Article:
Wednesday, January 20, 2016

Determinants of Never Having Tested for HIV among MSM in the Netherlands

Men who have sex with men (MSM) who are unaware of their HIV infection are more likely to infect others, and unable to receive treatment. Therefore, we aimed to identify the proportion and characteristics of Dutch MSM who never tested for HIV.

In 2010, the European MSM Internet Survey (EMIS) recruited 174 209 men from 38 countries through an anonymous online questionnaire in 25 languages. We analysed data from participants living in the Netherlands (N=3787). The outcome we investigated was having never (lifetime) been tested for HIV.

A total of 770 MSM (20.4%) had never been tested for HIV. In multivariate regression analyses, not being from Amsterdam, with low education and low knowledge on HIV-testing were significantly associated with never having tested. Lower sexual risk (including having fewer sexual partners and no anal intercourse), and less social engagement (including being less out) were also associated with having never been tested. Additionally, 36.1% of MSM who never tested for HIV reported high-risk sexual behaviour that may have put them at HIV risk.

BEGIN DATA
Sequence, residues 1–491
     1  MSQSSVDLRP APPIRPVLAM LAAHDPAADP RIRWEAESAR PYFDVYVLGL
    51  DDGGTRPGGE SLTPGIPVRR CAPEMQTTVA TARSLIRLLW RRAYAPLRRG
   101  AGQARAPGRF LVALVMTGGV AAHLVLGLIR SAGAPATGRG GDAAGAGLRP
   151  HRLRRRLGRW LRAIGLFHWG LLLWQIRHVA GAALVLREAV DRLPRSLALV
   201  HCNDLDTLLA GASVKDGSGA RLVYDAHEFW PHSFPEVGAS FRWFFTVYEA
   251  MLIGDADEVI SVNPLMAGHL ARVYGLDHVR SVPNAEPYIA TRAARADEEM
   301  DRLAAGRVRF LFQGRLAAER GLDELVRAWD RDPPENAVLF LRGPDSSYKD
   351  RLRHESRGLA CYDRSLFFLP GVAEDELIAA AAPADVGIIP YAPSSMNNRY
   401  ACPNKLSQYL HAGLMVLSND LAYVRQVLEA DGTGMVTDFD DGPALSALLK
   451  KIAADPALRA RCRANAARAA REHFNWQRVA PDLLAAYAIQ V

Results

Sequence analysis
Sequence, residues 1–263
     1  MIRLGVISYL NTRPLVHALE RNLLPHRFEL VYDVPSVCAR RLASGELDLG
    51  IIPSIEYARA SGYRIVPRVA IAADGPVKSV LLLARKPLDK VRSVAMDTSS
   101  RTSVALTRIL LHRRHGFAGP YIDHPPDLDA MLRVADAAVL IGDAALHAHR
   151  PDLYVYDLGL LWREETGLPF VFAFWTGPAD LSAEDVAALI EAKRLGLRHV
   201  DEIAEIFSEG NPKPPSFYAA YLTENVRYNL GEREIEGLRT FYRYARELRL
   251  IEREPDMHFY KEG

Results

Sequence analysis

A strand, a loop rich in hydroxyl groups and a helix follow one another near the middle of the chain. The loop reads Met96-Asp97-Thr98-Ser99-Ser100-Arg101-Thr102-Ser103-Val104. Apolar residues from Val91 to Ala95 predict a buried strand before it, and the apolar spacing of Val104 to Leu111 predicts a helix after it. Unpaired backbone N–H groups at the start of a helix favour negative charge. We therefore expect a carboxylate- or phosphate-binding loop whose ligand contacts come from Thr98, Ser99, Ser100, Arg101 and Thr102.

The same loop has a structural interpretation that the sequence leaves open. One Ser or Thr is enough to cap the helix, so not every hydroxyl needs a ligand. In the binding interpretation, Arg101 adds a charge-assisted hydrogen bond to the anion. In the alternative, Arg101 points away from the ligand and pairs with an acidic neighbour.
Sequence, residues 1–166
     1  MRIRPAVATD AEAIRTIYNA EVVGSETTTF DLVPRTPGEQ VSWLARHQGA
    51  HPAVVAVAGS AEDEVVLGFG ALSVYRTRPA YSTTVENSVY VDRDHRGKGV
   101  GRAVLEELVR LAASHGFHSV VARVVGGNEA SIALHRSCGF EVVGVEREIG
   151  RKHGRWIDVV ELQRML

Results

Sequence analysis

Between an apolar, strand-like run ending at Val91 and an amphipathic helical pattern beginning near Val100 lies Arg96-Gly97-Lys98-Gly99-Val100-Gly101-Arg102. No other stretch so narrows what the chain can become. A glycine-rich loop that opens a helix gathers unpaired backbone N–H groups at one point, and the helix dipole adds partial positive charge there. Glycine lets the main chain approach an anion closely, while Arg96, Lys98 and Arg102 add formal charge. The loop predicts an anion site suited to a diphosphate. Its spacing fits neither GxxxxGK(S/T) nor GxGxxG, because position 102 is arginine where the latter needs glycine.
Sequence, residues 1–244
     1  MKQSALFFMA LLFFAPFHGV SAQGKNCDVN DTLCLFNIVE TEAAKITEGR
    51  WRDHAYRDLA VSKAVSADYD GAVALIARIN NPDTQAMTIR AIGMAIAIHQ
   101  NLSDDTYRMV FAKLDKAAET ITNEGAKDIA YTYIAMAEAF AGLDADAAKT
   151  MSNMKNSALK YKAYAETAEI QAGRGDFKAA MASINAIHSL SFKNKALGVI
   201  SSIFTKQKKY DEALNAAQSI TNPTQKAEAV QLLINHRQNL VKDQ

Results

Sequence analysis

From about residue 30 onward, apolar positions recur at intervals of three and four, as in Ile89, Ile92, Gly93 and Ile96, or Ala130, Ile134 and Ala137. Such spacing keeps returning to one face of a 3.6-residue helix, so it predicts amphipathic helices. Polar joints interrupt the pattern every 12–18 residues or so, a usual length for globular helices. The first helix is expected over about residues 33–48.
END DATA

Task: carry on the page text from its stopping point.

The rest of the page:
MSM make their own risk assessments that inform their choices about HIV-testing. Nevertheless, MSM who were never tested may have been at risk for HIV, and remain important to target for HIV interventions.

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  • 1Centre for Infectious Disease Control, National Institute for Public Health and the Environment, Bilthoven, The Netherlands.
  • 2Sigma Research, Department of Social & Environmental Health Research, London School of Hygiene and Tropical Medicine, UK.
  •  2016 Jan 12;6(1):e009480. doi: 10.1136/bmjopen-2015-009480. 

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